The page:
White House photographer tells us what it’s like to shoot 7 presidents
What would your dream photography gig be? Photographing wildlife for National Geographic magazine? Photographing the rich and famous? Being paid to travel to far-flung places? For some, photographing the president of the United States may well be up there on that list, particularly if you get to see them behind closed doors, away from the public eye.
White House photographer and Pulitzer prize winner Doug Mills shared his experiences of photographing not just one, but seven of the US presidents in a fascinating interview aired on Today.
Doug has been a photojournalist for roughly forty years and certainly has some stories to tell. “I’m looking for any moment of expression with the president, or light around the president, or who else is in the room, who he might be looking at,” he says.
He continues to say that photographing presidents is not exactly straightforward, however. There is physically very little space around them to manoeuvre around without a Secret Service staff getting in the way of the shot. He says that he’s always asking the agents for a couple of feet. Luckily with longer lenses, he’s able to evoke the mood of being a lot closer than he actually is, so creating a greater feeling of intimacy.
Mills admits that perhaps the most photogenic president had to have been Barack Obama. “He was like a chameleon,” he says. “He could fit into any situation whether he was in a suit or jeans or playing basketball or going into a bar to have beers with people.”
And the most iconic? Mills says that it has to be Donald Trump. Whatever you make of his politics you have to admit that Trump would have made a really interesting subject for a photo. “You can take any picture of him in any situation, and show his hands, or his hair, or his jacket, or a silhouette and people would recognize him right away,” Doug says of number 45.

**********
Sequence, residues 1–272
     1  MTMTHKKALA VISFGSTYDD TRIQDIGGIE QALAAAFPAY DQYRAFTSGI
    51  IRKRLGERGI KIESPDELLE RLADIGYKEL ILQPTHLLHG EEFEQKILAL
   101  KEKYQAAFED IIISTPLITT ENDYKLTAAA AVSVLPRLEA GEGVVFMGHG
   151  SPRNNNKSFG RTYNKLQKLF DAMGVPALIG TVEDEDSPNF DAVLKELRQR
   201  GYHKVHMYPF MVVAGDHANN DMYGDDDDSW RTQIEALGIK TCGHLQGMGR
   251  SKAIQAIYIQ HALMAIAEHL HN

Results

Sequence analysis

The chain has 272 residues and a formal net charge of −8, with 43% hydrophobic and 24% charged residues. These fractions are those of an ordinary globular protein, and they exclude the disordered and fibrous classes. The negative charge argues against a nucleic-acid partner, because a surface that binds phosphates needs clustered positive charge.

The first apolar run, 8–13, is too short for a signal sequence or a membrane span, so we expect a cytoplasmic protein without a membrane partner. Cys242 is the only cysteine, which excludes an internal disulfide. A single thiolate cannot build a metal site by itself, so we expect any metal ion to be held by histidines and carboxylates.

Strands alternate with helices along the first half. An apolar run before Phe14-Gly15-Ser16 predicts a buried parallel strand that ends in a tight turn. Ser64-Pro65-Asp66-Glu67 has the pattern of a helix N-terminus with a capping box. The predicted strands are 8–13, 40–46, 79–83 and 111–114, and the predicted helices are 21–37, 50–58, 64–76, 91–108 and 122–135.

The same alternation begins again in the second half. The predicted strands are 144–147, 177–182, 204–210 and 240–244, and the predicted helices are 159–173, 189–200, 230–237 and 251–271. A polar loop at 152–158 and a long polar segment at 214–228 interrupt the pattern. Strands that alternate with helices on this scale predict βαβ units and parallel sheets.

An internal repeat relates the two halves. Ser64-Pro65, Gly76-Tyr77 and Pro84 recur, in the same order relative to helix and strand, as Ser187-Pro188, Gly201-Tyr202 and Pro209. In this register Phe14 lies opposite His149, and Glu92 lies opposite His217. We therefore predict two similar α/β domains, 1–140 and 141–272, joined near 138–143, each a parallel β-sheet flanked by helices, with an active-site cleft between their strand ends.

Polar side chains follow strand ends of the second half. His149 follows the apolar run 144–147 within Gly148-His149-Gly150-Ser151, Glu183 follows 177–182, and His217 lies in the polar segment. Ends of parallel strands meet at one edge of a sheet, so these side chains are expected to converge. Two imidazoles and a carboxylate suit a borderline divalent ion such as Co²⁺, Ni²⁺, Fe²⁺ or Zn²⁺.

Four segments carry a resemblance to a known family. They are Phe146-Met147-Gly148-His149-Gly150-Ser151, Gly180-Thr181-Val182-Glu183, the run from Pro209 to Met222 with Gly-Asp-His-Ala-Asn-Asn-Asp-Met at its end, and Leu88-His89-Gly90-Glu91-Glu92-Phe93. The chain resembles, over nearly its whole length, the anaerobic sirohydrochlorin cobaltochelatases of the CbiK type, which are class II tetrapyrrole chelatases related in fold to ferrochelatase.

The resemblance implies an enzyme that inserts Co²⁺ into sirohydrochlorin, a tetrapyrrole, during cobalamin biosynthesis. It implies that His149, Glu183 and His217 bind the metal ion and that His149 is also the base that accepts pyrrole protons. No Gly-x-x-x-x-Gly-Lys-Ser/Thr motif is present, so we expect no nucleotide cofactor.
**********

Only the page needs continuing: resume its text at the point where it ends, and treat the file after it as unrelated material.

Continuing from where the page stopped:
Many of Doug’s memories and images are etched into the public’s mind, without most of us being aware of it. Doug was actually with George W Bush at the moment that the President was informed of 9/11. That moment in the Primary school. Doug was able to capture that expression, that look of abject horror and disbelief when the President of the USA was just another terrified human for a moment.
Perhaps even more incredibly, and it is surely a testament to how trusted Mills must have been, he was allowed to continue photographing the President on Air Force One as more details of the events unfolded and Bush set about forming his response to the situation.
“Taking chances and just looking at things differently and trying to do that every day is what motivates me,” says Doug, “I love going to work every day”. That to me sounds like a dream photography gig.
You can follow more of Doug’s work on Instagram.
Alex Baker is a portrait and lifestyle driven photographer based in Valencia, Spain. She works on a range of projects from commercial to fine art and has had work featured in publications such as The Daily Mail, Conde Nast Traveller and El Mundo, and has exhibited work across Europe